A giant rift is slowly tearing Africa, the second-largest continent, apart. This depression — known as the East African Rift — is a network of valleys that stretches about 2,175 miles (3,500 kilometers) long, from the Red Sea to Mozambique, according to the Geological Society of London.
So will Africa rip apart completely, and if so, when will it split? To answer this question, let’s look at the region’s tectonic plates, the outer parts of the planet’s surface that can collide with each other, making mountains, or pull apart, creating vast basins.
Along this colossal tear in eastern Africa, the Somalian tectonic plate is pulling eastward from the larger, older part of the continent, the Nubian tectonic plate, according to NASA’s Earth Observatory. (The Somalian plate is also known as the Somali plate, and the Nubian plate is also sometimes called the African plate.)
The Somalian and Nubian plates are also separating from the Arabian plate in the north. These plates intersect in the Afar region of Ethiopia, creating a Y-shaped rift system, the Geological Society of London noted.
A slow break
The East African Rift started forming about 35 million years ago between Arabia and the Horn of Africa in the eastern part of the continent, Cynthia Ebinger, chair of geology at Tulane University in New Orleans and a science adviser to the U.S. State Department’s Bureau of African Affairs, told Live Science. This rifting extended southward over time, reaching northern Kenya by 25 million years ago.
The rift consists of two broadly parallel sets of fractures in Earth’s crust. The eastern rift passes through Ethiopia and Kenya, while the western rift runs in an arc from Uganda to Malawi, the Geological Society of London noted. The eastern branch is arid, while the western branch lies on the border of the Congolese rainforest, according to NASA’s Earth Observatory.
The existence of the eastern and western rifts and the discovery of offshore zones of earthquakes and volcanoes indicate that Africa is slowly opening along several lines, which together amount to more than 0.25 inch (6.35 millimeters) per year, Ebinger said.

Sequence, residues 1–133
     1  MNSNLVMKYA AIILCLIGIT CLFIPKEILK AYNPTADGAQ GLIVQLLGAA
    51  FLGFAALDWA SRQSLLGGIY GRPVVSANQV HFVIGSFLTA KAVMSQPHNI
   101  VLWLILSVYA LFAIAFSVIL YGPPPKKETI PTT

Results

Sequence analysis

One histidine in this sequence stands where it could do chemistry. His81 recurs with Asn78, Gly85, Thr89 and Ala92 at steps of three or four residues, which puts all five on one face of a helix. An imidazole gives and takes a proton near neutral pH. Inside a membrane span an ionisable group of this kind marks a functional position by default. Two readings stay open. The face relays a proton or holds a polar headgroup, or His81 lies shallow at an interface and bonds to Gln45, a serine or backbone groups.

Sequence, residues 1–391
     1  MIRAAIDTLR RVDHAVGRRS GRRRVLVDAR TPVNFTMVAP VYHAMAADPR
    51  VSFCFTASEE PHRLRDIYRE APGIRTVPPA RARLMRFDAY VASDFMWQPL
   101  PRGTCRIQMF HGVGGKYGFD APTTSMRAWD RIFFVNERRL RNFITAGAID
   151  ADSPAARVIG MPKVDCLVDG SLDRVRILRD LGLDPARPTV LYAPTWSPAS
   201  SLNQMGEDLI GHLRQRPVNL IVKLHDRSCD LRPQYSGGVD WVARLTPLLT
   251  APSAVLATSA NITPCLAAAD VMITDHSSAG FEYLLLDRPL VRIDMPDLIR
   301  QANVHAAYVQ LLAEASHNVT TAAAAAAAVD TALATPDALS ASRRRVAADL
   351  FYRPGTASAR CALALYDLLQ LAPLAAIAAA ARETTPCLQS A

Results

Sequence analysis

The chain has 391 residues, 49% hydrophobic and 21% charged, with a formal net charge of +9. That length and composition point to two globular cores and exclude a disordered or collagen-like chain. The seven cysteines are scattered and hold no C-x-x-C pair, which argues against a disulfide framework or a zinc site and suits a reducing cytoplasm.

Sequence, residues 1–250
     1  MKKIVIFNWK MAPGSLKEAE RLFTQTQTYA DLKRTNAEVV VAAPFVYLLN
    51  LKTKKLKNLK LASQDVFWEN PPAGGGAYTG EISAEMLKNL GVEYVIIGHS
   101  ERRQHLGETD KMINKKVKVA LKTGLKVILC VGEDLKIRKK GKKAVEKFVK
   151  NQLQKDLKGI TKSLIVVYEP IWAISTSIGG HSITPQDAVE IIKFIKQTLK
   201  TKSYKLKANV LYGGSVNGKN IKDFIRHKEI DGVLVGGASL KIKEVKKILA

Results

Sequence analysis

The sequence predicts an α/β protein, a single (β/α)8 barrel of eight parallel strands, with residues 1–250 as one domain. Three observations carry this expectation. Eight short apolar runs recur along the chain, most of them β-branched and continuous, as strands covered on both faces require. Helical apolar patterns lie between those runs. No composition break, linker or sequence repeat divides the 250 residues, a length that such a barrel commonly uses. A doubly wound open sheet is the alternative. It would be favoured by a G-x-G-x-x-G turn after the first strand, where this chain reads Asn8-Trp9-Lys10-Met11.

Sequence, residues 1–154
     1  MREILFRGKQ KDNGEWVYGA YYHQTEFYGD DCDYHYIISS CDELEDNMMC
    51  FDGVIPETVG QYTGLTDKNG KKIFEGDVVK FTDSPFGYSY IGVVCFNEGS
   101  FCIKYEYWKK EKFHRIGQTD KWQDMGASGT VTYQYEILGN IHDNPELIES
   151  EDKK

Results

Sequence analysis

“The rifting right now is very slow, about the rate that one’s toenails grow,” Ken Macdonald, a distinguished professor emeritus of Earth science at the University of California, Santa Barbara, told Live Science.
The East African Rift most likely formed because of heat flowing up from the asthenosphere — the hotter, weaker, upper part of Earth’s mantle — between Kenya and Ethiopia, according to the Geological Society of London. This heat caused the overlying crust to expand and rise, leading to stretching and fracturing of the brittle continental rock. This led to substantial volcanic activity, including the formation of Mount Kilimanjaro, the highest mountain in Africa, NASA’s Earth Observatory noted.
If Africa does rip apart, there are different ideas for how that might happen. One scenario has most of the Somalian plate separating from the rest of the African continent, with a sea forming between them. This new landmass would include Somalia, Eritrea, Djibouti, and the eastern parts of Ethiopia, Kenya, Tanzania and Mozambique, Ebinger said. “Another scenario has only eastern Tanzania and Mozambique separating,” Ebinger noted.
If the African continent does rupture, “the rift in Ethiopia and Kenya may split to create a Somali plate in the next 1 million to 5 million years,” Ebinger said.
However, Africa may not split in two. The geological forces driving the rifting might prove too slow to separate the Somalian and Nubian plates, Ebinger said. One notable example of a failed rift elsewhere on the globe is the Midcontinent Rift, which curves for about 1,900 miles (3,000 km) across the Upper Midwest of North America, according to a 2022 review in the journal GSA Today.
“Failed rifts mark continental landmasses worldwide,” Ebinger said.
The eastern branch of the East African Rift is a failed rift, according to the Geological Society of London. However, the western branch is still active.
“What we do not know is if this rifting will continue on its present pace to eventually open up an ocean basin, like the Red Sea, and then later to something much larger, like a small version of the Atlantic Ocean,” Macdonald said. “Or might it speed up and get there more quickly? Or it might stall out?”